FM Perspectives

Plant Moves: The Charm of Southern Hospitality

Editor’s note: FM Perspectives are industry op-eds. The views expressed are the authors’ and do not necessarily reflect those of Facilities Management Advisor.

The Southeast has quietly emerged as one of the leading geographic regions for manufacturers to relocate their facilities today. Boasting plentiful opportunities from infrastructure to real estate costs, a move to the Southeast is giving businesses an opportunity to realize operational improvements in plant floor layout, improved processes, and technology investments toward operational efficiency and business risk mitigation that yield payoffs in the long term.

Here is a look into how the Southeast is becoming a major draw for businesses and facility executives.

Pull Factors to the Southeast

The Southeast is rolling out a red-carpet welcome to the business community in more ways than one. In general, the region enjoys infrastructure systems that have allowed it to pave the way for greater business interest in the region. High-quality roads are plentiful; deep-water ports are just off Georgia’s coast, Atlanta’s Hartsfield-Jackson airport spirits passengers and cargo to almost anywhere (earning it the title of the busiest airport in the world); and “shovel-ready” Certified Sites offer new business opportunities in Georgia, Tennessee, and North Carolina.

In addition to modest land costs in the Southeast, corporate tax rates are low: Of the 11 states that levy corporate income tax at or below 5%, four of these are in the Southeast, with North Carolina being the lowest nationally at 2.5%. Atlanta also consistently ranks high for being a notable “hotbed” of tech talent.

Regarding climate impacts, projections show that the Southeast is relatively well positioned to weather the changes. While hurricanes and flooding remain an issue in coastal areas, businesses locating their plants further inland will be afforded greater protections. Temperature impacts will be relatively moderate in the Carolinas, Virginia, and Georgia; wildfire threats are minimal; and access to water (streams, rivers, and groundwater) is projected to be adequate. Long-term planning must consider these impacts in terms of supply-chain risks and overall business risk mitigation.

Big Gains: An Opportunity for Internal Change

Beyond the benefits afforded by a geographic relocation, a plant move can also bring about much-needed internal change. If you’ve ever wrung your hands lamenting your current lack of efficiency or optimization (“If only we could”), a plant move might be the exact kind of disruption you need. You could be revising your plant floor layout, setting up shop in a lower-cost space that’s closer to your customers, capturing R&D tax credits, achieving efficiencies to lower operating costs, or improving emissions with climate disclosure rules in the offing.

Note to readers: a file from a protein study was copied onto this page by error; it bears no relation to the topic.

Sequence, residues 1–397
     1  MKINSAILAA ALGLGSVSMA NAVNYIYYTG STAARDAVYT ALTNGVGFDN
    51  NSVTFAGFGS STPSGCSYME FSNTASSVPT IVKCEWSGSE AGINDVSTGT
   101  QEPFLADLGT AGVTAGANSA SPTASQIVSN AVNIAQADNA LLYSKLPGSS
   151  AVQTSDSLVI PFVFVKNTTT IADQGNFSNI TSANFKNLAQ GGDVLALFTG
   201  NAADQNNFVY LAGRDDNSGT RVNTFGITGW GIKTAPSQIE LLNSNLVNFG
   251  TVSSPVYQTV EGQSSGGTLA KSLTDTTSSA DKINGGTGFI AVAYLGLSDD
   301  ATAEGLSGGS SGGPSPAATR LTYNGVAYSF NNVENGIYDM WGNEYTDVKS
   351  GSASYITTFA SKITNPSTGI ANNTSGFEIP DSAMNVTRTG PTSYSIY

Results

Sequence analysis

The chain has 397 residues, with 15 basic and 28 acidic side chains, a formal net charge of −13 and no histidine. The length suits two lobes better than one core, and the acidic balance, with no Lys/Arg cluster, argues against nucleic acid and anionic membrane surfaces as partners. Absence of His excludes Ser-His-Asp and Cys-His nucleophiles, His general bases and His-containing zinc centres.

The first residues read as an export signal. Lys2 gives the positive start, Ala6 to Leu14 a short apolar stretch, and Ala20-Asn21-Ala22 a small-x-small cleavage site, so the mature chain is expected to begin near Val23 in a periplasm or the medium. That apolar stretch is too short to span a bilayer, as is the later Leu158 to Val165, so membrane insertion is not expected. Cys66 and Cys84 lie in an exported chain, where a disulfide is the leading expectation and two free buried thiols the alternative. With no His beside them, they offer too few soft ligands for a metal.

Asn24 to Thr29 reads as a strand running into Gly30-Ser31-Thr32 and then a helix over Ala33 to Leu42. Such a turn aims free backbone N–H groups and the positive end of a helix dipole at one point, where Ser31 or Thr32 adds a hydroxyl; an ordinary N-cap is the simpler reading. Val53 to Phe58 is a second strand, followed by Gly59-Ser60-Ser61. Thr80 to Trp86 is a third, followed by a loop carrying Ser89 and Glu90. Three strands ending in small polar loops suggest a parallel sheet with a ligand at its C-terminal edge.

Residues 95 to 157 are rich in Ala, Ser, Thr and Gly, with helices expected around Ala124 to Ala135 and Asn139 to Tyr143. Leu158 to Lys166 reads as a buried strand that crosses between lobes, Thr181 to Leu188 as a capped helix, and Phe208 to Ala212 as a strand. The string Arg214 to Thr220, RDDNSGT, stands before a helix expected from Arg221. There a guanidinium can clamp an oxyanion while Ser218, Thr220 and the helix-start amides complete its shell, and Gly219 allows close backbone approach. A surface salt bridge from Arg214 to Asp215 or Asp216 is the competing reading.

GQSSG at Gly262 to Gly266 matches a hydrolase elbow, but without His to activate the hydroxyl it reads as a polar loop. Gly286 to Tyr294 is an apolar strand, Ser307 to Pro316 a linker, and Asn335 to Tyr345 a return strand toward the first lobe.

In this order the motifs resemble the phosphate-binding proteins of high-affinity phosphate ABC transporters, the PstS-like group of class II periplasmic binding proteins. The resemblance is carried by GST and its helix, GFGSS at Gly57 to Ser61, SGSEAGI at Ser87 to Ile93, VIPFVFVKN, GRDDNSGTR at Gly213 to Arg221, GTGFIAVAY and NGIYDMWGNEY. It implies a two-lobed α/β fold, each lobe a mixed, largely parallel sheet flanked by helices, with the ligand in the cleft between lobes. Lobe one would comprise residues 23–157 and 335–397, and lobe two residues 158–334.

Plan, Then Plan Some More

No matter where you move, plant relocations are 90% planning, 10% execution. Facility executives, with a team of stalwart advisors, must get granular in weighing the push and pull of external factors and identifying the opportunities for internal change.

Run the models. Explore the geography. Develop contingencies. Understand your own requirements and those of your clients. Establish and test your channels of communication within the organization—from the C-suite to the frontline staff—and with stakeholders not on your organizational chart (e.g., contractors, the media). Only then should you make the call for the moving trucks to sidle up to the loading dock.

Soon, you’ll be sustaining the gains over the long term, and with any luck—nay, with planning—everyone will have declared the endeavor totally worth it.

Stephen Lathrop is a managing director at UHY Consulting, a business transformation services company. He supports UHY’s Operational Excellence practice and specializes within the ESG, construction, and engineering industry.

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